Cypress Creek ads pulled following investigation - WAFF-TV: News, Weather and Sports for Huntsville, AL

Cypress Creek ads pulled following investigation

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James Lawhorne and his supporters during an interview with WAFF. James Lawhorne and his supporters during an interview with WAFF.

The BBB issued an alert on Cypress Creek Organic Farms last week when the company failed to provide proof of claims made in their radio ad.

Since WAFF's investigation and after talking with his attorney, the head of Cypress Creek Organic Farms, James Lawhorne, pulled the claim of a $25,000 profit from the company's website.

The BBB says that claim violated Federal Trade Commission rules. Specifically, the "Business Opportunity Rule," where in short, businesses can't advertise an earnings claim until those earnings have been realized.

The changes came after WAFF was scheduled to interview Lawhorne, who was backed by a roomful of supporters. 

During the interview, he announced plans to step down as CEO because of his criminal history including a stint in federal prison for bank fraud and pending charges for forgery in Tennessee.

Lawhorne's supporters said they don't care about the past and that Cypress Creek Organic Farms is creating jobs.

"In think it's going to be a $100 million dollar company. We've had exponential growth," said Lawhorne.

James Lawhorne is the head of Cypress Creek Organic Farms. He told the crowd since March the company has gone from two employees to more than 70 and has more than 250 affiliate farmers.

The company asks prospective farmers to submit to invest $12,950 dollars for a greenhouse, 300 tomato plants, training and organic certification.

Up until Tuesday, the company's website claimed farmers would earn $25,000 to 40-thousand growing organic tomatoes.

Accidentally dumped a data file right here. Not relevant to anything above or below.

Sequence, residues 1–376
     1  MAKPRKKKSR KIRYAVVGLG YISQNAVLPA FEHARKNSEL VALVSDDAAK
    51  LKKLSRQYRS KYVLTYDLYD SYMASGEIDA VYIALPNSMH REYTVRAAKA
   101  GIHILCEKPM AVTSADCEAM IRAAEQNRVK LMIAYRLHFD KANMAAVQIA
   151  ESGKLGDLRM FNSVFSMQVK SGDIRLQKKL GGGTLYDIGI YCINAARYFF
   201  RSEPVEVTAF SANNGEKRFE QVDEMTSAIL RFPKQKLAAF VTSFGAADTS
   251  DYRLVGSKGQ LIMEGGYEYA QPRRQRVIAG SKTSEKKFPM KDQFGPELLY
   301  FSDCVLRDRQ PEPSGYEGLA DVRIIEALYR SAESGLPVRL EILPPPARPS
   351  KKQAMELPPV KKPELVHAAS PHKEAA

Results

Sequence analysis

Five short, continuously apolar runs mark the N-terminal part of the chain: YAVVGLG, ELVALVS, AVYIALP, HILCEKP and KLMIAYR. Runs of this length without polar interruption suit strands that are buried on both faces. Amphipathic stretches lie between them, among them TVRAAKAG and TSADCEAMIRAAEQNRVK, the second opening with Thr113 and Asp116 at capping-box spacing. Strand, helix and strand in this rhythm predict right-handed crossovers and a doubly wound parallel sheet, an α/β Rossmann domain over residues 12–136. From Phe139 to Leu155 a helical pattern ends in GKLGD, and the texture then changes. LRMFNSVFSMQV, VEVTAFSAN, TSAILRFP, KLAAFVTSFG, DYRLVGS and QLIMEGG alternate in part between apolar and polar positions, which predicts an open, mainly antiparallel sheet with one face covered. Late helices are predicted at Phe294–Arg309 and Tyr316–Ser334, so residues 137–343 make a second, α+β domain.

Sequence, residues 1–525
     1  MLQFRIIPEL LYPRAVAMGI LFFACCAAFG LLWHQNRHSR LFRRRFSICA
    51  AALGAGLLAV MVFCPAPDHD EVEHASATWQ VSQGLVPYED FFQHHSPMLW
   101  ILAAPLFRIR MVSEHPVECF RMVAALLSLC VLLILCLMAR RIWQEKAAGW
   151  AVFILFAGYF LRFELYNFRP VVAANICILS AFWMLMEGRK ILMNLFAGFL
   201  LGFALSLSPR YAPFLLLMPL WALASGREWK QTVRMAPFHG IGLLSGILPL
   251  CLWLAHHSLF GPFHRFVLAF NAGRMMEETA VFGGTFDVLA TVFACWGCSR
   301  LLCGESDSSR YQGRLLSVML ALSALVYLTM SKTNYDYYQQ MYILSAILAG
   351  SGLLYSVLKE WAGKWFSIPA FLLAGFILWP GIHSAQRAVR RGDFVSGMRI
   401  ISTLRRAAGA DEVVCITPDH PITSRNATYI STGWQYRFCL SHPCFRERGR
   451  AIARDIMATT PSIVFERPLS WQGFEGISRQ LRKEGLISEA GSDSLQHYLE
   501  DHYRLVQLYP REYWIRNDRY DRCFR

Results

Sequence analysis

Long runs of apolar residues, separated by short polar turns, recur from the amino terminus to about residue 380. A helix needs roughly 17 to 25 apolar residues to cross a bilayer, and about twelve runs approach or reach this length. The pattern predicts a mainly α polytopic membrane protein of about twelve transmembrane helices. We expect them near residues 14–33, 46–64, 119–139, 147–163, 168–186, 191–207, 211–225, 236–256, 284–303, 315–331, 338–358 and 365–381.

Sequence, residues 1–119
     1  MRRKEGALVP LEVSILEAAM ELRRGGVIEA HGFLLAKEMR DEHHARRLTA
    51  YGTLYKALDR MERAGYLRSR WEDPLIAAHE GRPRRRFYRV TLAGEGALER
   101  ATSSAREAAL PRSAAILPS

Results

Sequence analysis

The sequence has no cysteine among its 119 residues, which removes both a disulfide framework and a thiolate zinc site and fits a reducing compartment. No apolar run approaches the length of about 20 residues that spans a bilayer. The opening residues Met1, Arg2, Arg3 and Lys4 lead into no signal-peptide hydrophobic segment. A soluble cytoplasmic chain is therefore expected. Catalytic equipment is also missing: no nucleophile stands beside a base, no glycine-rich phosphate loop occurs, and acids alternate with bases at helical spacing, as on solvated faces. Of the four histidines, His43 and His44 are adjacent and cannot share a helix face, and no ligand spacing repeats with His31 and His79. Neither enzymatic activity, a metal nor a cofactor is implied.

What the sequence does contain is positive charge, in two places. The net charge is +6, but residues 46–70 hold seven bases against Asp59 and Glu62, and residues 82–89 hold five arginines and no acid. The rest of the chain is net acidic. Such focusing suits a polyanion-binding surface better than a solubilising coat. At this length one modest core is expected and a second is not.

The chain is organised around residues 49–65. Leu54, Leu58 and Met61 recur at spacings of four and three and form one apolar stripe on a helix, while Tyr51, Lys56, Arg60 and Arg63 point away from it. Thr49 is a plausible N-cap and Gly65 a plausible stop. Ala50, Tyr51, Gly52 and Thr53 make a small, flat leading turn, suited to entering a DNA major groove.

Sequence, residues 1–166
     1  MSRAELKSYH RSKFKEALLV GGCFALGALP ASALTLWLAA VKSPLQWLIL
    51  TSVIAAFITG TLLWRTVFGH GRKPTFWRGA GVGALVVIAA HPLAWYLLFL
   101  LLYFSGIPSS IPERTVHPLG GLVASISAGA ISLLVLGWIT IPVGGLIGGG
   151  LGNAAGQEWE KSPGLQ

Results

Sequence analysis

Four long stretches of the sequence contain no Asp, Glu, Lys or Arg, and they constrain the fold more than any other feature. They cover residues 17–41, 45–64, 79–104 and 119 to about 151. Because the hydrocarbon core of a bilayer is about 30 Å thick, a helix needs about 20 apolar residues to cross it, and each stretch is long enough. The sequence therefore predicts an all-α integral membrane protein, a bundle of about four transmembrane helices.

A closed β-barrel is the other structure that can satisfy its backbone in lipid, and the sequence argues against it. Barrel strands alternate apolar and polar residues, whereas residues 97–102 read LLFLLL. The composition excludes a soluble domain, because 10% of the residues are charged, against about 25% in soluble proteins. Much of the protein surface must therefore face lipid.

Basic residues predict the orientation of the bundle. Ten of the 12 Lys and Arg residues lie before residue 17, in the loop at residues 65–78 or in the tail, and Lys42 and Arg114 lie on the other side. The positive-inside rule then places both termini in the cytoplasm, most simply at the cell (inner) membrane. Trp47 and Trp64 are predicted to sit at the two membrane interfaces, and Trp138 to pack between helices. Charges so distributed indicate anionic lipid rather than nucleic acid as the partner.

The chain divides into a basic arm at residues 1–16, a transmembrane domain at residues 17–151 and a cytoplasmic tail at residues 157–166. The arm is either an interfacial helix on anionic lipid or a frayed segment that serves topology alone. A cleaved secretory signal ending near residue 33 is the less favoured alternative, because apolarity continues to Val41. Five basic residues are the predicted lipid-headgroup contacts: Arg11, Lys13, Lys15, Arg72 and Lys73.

No one in the room of supporters has made that kind of money yet.

This isn't the first claim the company has made on its website.

Lawhorne admitted the website used a USDA seal when they didn't have approval. "We didn't have our organic certification when we put that up, they made us take it down," said Lawhorne.

Lawhorne claims the company should have it's own organic certification by next week.

The company promotes the use of greenhouses.

According to Dr. Rick Snyder, a Professor of Horticulture and Extension Vegetable Specialist out of Mississippi State, "USDA NOP standards don't have any provisions to have greenhouses certified organic. Currently it's not allowable. High tunnels are different matter."

When asked if any of his affiliate farmers are organic certified, Lawhorne replied "zero."

Lawhorne was also asked what research had he completed on organic farming and where did he study horticulture.

"When I don't know something, I hire someone with a PhD. in it," added Lawhorne.

Lawhorne did provide WAFF with a folder with a New York Times article of a greenhouse in Maine being able to grow year round, information from the University of Kentucky on best practices of greenhouse growing, an article on hydroponic growing and an NPR report on tasty winter tomatoes. Lastly, he provided a Power Point presentation from North Carolina State University with a budget.

[Watch Part 1 of the raw interview with Lawhorne]

[Watch Part 2 of the raw interview with Lawhorne]

[Watch Part 3 of the raw interview with Lawhorne]

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